In designing a numbering structure for the accounts, it is important to provide adequate flexibility to permit expansion without having to revise the basic system. Generally, blocks of numbers are assigned to various groups of accounts, such as assets, liabilities, and so on. There are various systems of coding, depending on the needs and desires of the company.

## What is Trial Balance?

As every transaction results in an equal amount of debits and credits in the ledger, the total of all debit entries in the ledger should equal the total of all credit entries.

At the end of the accounting period, we check this equality by preparing a two-column schedule called a trial balance, which compares the total of all debit balances with the total of all credit balances.

The procedure is as follows:

• List account titles in numerical order.
• Record balances of each account, entering debit balances in the left column and credit balances in the right column.
• Add the columns and record the totals.
• Compare the totals. They must be the same.
• If the totals agree, the trial balance is in balance, indicating that debits and credits are equal for the hundreds or thousands of transactions entered in the ledger.

[Info_Box]While the trial balance provides arithmetic proof of the accuracy of the records, it does not provide theoretical proof.[/Info_Box]

For example:

If the purchase of equipment was incorrectly charged to Expense, the trial balance columns may agree, but theoretically the accounts would be wrong, as Expense would be overstated and Equipment understated.

In addition to providing proof of arithmetic accuracy in accounts, the trial balance facilitates the preparation of the periodic financial statements.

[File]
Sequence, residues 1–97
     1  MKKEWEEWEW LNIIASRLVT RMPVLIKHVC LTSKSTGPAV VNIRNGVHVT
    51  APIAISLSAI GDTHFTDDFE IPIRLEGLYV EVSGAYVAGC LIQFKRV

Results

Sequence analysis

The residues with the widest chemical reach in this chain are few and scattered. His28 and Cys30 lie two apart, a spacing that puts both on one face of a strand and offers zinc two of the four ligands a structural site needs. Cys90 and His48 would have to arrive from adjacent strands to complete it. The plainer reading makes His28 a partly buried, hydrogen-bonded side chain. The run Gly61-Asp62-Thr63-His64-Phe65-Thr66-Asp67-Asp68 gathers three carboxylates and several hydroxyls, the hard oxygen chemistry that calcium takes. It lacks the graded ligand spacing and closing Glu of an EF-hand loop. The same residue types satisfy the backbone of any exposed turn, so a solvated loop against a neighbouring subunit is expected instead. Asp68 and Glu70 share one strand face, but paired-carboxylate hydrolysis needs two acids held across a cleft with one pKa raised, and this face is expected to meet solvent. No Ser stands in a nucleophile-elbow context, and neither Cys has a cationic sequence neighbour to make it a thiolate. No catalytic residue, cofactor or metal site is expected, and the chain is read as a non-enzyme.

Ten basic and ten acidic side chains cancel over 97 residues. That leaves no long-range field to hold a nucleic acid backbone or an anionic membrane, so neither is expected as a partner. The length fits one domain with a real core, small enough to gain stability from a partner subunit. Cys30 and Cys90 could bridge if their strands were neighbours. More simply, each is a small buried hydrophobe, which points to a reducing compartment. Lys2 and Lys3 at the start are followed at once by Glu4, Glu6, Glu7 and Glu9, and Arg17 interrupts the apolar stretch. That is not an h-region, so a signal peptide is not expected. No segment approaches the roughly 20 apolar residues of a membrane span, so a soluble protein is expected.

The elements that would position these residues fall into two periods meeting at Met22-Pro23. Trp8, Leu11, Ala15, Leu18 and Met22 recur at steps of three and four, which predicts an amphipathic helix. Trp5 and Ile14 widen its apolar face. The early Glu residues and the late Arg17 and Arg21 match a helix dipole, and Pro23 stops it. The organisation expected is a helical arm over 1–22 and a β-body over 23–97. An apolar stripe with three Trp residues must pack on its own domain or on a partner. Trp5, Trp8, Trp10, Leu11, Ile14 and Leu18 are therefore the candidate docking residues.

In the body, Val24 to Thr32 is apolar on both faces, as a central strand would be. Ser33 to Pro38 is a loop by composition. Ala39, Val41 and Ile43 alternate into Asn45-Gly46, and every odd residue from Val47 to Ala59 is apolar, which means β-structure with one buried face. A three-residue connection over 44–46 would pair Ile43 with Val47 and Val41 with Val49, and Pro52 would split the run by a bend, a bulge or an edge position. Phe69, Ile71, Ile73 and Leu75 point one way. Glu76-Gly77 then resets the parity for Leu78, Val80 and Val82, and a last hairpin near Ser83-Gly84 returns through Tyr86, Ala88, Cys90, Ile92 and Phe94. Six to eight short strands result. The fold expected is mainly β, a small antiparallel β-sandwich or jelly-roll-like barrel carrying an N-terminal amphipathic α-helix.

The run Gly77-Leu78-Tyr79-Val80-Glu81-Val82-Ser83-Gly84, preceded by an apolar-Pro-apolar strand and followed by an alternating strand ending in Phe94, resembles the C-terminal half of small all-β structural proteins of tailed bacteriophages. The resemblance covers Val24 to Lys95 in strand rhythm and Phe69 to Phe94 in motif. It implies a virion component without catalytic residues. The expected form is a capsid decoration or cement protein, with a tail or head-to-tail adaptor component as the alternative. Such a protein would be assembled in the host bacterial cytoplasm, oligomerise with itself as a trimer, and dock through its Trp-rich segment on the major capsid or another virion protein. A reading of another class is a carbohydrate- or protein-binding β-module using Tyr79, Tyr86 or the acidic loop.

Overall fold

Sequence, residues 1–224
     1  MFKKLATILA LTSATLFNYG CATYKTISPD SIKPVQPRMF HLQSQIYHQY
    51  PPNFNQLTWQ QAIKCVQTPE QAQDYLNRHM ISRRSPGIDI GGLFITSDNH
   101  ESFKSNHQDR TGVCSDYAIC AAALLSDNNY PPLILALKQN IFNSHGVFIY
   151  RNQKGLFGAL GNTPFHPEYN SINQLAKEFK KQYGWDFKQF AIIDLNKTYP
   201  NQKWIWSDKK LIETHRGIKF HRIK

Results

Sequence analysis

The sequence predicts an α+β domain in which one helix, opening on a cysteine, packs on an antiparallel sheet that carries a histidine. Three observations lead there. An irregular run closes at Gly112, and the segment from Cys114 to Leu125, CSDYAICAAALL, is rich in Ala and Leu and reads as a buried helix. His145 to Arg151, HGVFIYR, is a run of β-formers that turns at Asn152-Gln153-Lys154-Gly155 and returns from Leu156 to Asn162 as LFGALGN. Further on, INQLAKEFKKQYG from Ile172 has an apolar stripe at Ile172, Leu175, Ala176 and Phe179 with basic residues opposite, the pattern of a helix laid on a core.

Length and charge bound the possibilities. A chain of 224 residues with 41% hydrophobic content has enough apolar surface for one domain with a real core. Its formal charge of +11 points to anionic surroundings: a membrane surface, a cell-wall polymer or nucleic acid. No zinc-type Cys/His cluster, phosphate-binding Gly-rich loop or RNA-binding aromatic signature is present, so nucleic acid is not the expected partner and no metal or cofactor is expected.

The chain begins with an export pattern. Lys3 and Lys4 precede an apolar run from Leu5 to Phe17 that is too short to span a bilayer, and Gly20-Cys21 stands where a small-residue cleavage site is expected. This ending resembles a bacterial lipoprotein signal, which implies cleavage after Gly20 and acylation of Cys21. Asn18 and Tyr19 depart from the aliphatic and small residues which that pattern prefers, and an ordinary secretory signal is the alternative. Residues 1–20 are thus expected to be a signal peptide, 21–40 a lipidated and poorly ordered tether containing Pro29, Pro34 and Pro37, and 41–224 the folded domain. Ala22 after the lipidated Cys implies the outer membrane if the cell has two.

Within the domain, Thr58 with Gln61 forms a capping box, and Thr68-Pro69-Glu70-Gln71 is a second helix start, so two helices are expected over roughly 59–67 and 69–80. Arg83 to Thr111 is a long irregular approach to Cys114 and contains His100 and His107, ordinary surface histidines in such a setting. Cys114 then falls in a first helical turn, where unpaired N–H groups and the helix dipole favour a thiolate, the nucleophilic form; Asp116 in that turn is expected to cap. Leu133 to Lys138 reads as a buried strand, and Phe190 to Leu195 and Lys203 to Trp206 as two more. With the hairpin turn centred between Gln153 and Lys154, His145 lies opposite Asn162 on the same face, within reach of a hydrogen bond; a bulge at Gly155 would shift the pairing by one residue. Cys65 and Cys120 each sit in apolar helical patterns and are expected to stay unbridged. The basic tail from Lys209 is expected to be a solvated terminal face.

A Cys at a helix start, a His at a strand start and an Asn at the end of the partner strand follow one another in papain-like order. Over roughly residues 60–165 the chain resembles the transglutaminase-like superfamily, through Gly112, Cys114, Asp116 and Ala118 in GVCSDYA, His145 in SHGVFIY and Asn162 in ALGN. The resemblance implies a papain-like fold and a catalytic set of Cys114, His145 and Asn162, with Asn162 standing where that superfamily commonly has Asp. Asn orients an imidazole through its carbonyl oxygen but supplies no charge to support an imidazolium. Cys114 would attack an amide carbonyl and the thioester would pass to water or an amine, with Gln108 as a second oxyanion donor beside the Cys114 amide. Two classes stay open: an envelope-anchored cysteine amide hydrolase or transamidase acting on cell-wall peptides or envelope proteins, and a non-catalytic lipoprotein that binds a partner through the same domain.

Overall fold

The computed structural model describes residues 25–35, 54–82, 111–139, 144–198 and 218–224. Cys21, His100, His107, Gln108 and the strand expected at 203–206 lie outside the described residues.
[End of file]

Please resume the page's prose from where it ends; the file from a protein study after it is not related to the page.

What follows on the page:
Generally, the trial balance comprises the first two columns of a worksheet, from which financial statements are prepared (I will post the worksheet procedure later in another other post.)

## Summing Up

To classify and summarize a single item of an account group, we use a form called an “Account“.

The accounts make up a record called a “Ledger“.

The left side of the account is known as the “Debit“, while the right side of the account is known as the “Credit“.

Expenses are debited because they decrease “Capital“.

The schedule showing the balance of each account at the end of the period is known as the “Trial Balance“.

Further, you may want to read “Basic knowledge to prepare bookkeeping system” as well.

Sep 4, 2008 at 11:31 am

2. sandamal83

Oct 13, 2008 at 9:11 am

ya really good,i was able to have a basic knowledge about Cr Dr ………….

3. Kishore

Nov 1, 2008 at 10:06 am

it very good. really helpful to many people.

4. arifmotivator

Nov 5, 2008 at 6:38 am

mr. lie, my lecturer ask me, why debit in the left and credit in the right..
can u help me about that..

thank’s very much

regard
Arif (arif_harsono@prospect.co.id)

5. Feb 22, 2009 at 11:01 am

please give me provides the golden role of accounting such as
no.1- debit what comes in credit what goes out

6. Mar 11, 2009 at 10:56 pm

7. May 9, 2009 at 5:28 am

Pls,
Give me systems of Bookkeeping(double entry)
Thanks

Email.
yeakub420@gmail.com

8. May 11, 2009 at 10:51 am

Your article is really appreciable, and it is a good intelligent work that you have
done..keep it up.I really have admired the way you present your Accounting article.

9. May 11, 2009 at 10:59 am

I really have admired the way you present your accounting articles or notes. It’s a good,presentable,intelligent and appreciable work.Keep it up!!May I know how double entry follows the rule of accounting in question.I will be happy if you will post the answer in my e-mail by using my e-mail address that I have given above

10. Dec 22, 2009 at 4:26 pm

i really thankful to you. because your accounting concept is easy and clear but including the dividend, common stock concept.

Feb 20, 2010 at 5:23 am

it very good,good help.

12. Aug 5, 2010 at 12:53 am

Thanks very very useful to everybody.
Wish you, You will getting a chance to do more!

13. Tony Robbins

Sep 30, 2010 at 1:48 am

I really appreciate your honest explanation. Allah wills it.

14. maya

Dec 2, 2011 at 11:36 am

great but i wanted to know about airline accounting & still i have some confusion please define with my related field thanks….

15. Gomotso

Jan 30, 2017 at 10:56 am

1st I was clueless but now I have regained some of the knowledge I had lost in the 9th grade…thanks…this journal was very helpful ..